A significant advance in sensor technology stemmed from subdividing spectral ranges of radiation into bands (intervals of continuous wavelengths), allowing sensors that produce several bands of differing wavelengths to form multispectral images. This concept should be familiar to anyone who has used color filters on a photo-camera. Suppose you mount a red filter in front of the lens in a camera with black and white (b & w) negative film. Focused red light entering from an external object that generates red radiation passes through the filter and will activate the film, leaving numerous microflects of metallic silver, after development of the negative, wherever those light rays had struck the film; these form dark spots or patches in the negative. On printing to positive b & w paper, these dark areas in the negative prevent light from passing through; the positive film process produce light tones (a reversal) in the positive b & w print, so that red objects show bright (whitish) patterns that resemble their shapes. Conversely, the red filter absorbs light from green and blue objects, so that their (unpassed) light does not expose the negative. These areas on the film where a green object’s image focuses will develop clear (no silver) in the negative and will print dark. Blue shows as bright shades when a blue filter is used. In effect, the color of an object can be identified by using a filter of that color to image it in bright tones.
Colors in color film are produced by stacking multiple layers of emulsions containing light-sensitive compounds (organic dyes) that filter out different wavelengths. In subtractive color film, the dye colors are: cyan, magenta, and yellow. Using the primary colors as reference, yellow subtracts blue, magenta subtracts green, and cyan subtracts red. So, when multicolored light enters a sensor, light from blue areas in the target or source, on striking the color film will bleach out parts of the yellow emulsion. The same pattern holds for green and red light, affecting the magenta and cyan layers, respectively. Then when white light passes through the multiple layers of the resulting transparencies (e.g., 35 mm slides), the now clear yellow areas will appear blue because the remaining cyan and magenta (so colored over these same areas) will filter out (subtract) red and green, leaving blue to display. The same reasoning holds for the other two primaries (red and green).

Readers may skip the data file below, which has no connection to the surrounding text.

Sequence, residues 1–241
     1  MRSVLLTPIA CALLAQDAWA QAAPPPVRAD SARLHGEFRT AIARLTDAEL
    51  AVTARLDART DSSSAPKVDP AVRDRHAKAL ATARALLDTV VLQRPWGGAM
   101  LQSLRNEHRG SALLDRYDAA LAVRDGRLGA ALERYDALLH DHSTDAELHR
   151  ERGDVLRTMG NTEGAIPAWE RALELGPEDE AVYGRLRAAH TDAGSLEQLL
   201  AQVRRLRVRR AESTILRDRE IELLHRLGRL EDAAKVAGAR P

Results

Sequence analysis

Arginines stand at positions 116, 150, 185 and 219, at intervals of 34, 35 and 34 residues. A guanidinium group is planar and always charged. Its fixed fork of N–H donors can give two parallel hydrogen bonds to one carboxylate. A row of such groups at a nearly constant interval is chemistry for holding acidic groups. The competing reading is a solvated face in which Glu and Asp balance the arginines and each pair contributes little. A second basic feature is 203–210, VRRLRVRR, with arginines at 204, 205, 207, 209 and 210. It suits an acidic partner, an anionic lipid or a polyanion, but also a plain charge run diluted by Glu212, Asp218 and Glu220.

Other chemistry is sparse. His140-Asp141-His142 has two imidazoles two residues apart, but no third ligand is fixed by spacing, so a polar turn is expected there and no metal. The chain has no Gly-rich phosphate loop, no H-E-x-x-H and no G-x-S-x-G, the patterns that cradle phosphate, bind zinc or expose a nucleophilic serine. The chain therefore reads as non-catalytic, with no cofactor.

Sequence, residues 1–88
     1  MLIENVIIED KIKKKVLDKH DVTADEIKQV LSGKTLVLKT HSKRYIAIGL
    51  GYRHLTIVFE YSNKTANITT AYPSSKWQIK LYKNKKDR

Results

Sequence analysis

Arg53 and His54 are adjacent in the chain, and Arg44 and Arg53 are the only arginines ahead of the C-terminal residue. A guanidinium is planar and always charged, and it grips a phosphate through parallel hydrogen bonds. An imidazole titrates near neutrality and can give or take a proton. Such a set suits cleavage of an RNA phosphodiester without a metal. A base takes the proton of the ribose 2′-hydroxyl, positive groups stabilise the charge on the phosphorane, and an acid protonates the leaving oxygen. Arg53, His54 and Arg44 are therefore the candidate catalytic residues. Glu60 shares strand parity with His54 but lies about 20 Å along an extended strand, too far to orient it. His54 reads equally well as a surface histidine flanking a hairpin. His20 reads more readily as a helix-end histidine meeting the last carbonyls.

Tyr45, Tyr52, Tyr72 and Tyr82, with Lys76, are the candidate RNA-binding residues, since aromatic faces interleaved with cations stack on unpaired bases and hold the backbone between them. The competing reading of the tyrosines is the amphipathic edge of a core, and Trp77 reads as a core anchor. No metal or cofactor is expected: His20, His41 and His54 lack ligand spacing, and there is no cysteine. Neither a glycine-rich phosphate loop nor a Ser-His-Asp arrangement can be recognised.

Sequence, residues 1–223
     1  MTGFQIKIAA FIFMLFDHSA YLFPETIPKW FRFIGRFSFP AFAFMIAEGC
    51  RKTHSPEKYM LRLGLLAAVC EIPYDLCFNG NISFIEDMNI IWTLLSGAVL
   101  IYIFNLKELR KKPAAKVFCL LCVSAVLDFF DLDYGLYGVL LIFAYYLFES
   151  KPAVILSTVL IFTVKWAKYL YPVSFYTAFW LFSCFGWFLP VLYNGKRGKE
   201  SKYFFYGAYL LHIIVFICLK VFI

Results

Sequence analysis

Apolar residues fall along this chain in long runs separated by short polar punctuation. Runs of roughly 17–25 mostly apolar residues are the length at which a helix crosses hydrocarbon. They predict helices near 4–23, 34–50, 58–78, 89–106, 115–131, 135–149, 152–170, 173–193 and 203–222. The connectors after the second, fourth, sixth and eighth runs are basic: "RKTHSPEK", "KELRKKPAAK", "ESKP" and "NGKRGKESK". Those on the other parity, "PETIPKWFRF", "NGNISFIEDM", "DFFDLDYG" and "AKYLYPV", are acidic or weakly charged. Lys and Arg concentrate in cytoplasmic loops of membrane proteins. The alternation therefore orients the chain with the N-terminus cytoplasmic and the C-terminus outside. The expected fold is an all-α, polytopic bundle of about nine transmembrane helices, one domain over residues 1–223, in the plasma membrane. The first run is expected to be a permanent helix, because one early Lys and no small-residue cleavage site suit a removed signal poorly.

In color negative film from which color prints are made, the layer sensitive to red produces its complement color in the negative, which when printed onto paper produces red by leaving behind magenta and yellow dyes (from the [subtractive] color system). We won’t elaborate further on the printing rationale; suffice to say that the red in print represents red from the source, green represents green, and blue represents blue.